Do yourselves a favour and watch Jacob Borg chase Keith Schembri all the way from Court to Castille. The first thing I observe is the journalist’s fitness. I’d have been as breathless as Kurt Farrugia making that climb but since I have rather a lot more to carry than Jacob Borg’s back-pack this assignment explains why I’m not a field journalist.
But as Jacob Borg says in his placid as an Indian cow calm, this is no laughing matter.
These few minutes on camera are representative of the state of our democracy.
The press asks the second most powerful man in the country a simple question: who owns a company you first denied and later admitted lining up to do business with while you were in office?
He did not answer. And the question was put to him repeatedly and persistently.
Then Kurt Farrugia buts in and shows he too is confused by all the frustrating, conflicting and, as they hope, quite likely futile lines of inquiry that are outstanding. I don’t think he was trying to mislead Jacob Borg about whether an inquiry into 17 Black was actually ongoing or not. I really do think that was a genuine mistake of Kurt Farrugia who spends most of his time trying not to think of the crap his bosses make him swim in.
He was really confused there and got his facts up side down. He must have spent the whole afternoon kicking himself for that.
But the real peak of this film is the moment when Keith Schembri lets anger take the better of him and throws in what he must have thought was a smart line that would shut up Jacob Borg: “Maybe I used (the $1 million expected from the Panama company) to pay your wages, like I did over the past three years.”
The horror of that remark is remarkable even by the Dario Argento standards of the political environment we live in.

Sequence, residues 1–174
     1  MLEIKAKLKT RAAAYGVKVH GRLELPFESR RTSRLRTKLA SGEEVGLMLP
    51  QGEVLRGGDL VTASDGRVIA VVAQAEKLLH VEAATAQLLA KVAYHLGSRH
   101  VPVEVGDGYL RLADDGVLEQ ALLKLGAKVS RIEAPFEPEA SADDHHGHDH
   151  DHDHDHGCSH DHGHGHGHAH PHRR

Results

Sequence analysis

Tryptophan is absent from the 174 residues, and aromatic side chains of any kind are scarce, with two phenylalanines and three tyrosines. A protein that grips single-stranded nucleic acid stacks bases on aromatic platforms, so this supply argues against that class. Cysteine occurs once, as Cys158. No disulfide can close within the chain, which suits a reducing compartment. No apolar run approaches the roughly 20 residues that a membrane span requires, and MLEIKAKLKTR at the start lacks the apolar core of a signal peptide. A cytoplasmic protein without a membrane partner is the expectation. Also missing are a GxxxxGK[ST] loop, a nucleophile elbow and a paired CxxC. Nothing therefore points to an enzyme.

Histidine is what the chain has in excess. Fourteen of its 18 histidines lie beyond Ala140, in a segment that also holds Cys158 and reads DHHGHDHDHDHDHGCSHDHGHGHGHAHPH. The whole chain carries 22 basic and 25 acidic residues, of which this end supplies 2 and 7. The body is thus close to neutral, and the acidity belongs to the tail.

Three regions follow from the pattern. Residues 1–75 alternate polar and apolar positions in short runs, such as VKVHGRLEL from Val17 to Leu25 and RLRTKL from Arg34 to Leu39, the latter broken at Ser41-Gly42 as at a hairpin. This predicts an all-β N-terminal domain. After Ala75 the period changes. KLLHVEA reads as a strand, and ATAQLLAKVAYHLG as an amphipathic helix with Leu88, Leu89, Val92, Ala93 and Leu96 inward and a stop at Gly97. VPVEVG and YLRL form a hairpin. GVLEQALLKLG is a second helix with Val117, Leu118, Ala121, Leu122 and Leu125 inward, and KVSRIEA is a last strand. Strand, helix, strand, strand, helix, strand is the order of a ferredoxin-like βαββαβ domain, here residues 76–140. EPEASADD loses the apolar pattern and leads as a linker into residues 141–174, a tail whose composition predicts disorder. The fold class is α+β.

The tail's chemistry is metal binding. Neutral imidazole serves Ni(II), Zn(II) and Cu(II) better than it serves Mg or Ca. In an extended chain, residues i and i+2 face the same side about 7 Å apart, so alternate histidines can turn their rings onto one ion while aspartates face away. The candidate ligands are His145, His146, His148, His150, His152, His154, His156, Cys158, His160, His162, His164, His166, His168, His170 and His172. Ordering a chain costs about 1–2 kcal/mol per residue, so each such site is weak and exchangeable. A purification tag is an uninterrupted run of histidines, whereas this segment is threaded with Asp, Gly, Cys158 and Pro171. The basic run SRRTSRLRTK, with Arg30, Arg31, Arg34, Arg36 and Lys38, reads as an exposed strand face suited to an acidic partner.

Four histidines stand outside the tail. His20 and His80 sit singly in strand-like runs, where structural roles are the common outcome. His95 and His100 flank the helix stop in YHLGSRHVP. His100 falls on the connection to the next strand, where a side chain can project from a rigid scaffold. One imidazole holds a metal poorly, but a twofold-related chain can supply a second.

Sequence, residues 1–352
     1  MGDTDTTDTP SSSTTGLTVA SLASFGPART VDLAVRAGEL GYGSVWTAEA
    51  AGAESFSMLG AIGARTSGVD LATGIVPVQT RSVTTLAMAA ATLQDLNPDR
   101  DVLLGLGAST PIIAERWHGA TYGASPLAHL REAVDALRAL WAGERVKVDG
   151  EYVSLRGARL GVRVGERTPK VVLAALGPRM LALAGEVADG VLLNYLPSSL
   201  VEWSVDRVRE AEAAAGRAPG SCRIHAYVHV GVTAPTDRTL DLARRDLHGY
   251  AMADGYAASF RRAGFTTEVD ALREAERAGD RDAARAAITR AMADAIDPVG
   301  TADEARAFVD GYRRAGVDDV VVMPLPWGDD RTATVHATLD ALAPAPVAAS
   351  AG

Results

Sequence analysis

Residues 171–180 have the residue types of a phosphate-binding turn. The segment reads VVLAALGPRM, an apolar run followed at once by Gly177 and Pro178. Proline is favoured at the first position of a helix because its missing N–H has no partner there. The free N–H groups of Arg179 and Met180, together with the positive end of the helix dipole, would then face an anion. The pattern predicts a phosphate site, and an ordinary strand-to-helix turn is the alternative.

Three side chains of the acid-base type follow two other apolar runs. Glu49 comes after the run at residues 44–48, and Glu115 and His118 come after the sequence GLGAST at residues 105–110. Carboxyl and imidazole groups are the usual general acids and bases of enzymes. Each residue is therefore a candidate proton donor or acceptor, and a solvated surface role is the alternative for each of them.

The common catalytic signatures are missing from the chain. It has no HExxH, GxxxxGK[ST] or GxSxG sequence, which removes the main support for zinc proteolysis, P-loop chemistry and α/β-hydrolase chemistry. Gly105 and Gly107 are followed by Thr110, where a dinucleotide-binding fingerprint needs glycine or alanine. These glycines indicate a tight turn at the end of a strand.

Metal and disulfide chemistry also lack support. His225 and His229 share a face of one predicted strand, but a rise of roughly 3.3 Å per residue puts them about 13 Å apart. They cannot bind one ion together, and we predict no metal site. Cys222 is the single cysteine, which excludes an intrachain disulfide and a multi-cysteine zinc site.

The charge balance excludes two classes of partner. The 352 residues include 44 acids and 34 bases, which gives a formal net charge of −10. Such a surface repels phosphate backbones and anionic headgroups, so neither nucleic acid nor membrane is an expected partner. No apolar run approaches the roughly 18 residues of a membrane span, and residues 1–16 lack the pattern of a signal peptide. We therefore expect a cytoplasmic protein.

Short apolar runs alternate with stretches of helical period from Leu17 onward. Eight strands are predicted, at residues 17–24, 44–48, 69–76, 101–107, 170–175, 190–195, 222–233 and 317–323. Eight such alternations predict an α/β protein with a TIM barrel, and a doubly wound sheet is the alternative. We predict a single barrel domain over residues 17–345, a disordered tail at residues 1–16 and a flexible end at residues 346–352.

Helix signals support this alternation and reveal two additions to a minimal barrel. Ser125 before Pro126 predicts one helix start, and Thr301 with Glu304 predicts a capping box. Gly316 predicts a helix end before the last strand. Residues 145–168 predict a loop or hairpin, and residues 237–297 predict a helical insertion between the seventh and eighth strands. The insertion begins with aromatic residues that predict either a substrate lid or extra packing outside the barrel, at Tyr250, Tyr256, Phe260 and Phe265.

Like Michael Corleone in a conversation with a Nevada Senator, Keith Schembri feels he has spent enough money bribing the former management of Times of Malta to ensure journalists working there do not ask him uncomfortable questions.
In a statement, Allied Newspapers categorically denied Mr Schembri’s comments. “Kasco is simply one of the many suppliers to Allied’s sister company, Progress Press,” the company said.
Well that’s a moot point now. Keith Schembri was found by the Panama Papers to have been slushing Times of Malta’s Managing Director of many years. True the trustees made sure he leaves the business but the reputation of our newspaper of record suffered great harm. And with it, sadly, the reputation of intrepid, hard-working, objective and capable journalists and editors who have done nothing to earn their newspaper the reputational harm it suffered.
But when we think of corruption we rightly first think of the corrupted and we don’t think long enough about the corrupters: the people who put the money in the metaphorical brown envelopes and solicit undue favour.
Keith Schembri goes on camera today and does it in front of the entire country. He puts money in a metaphorical brown envelope and hands it over to Jacob Borg reminding him that he owes him his silence and fawning loyalty in exchange for his salary of the last three years.
Although journalists are institutions of our democracy they are not officials of the state as the laws on bribery understand them. On that tape Keith Schembri may not have committed an offence in the criminal sense, but he certainly has committed a political crime.
He has threatened a journalist holding him to account as a senior official of government suspected of wrongdoing, with personal consequences: his salary. ‘For the last 3 years your salary depended on my generosity. Keep chasing me up Melita Street and that might change’. The single quotes are there because I’m paraphrasing.
Watch the video and judge for yourself.
And keep watching it until at the very end Kurt Farrugia — I think it’s Kurt Farrugia — mockingly invites Jacob Borg in for coffee.
It’s not coffee we want. It’s answers. Or get the hell out of there and let someone else make the coffee.
Note added June 6th, 2018. 10:21. An earlier version of this post said “Keith Schembri feels he has spent enough money bribing the management and trustees of Times of Malta to ensure journalists working there do not ask him uncomfortable questions.” The words ‘and trustees’ have since been deleted. The reference to trustees was erroneous as no such allegation has ever materialised. The error is regretted.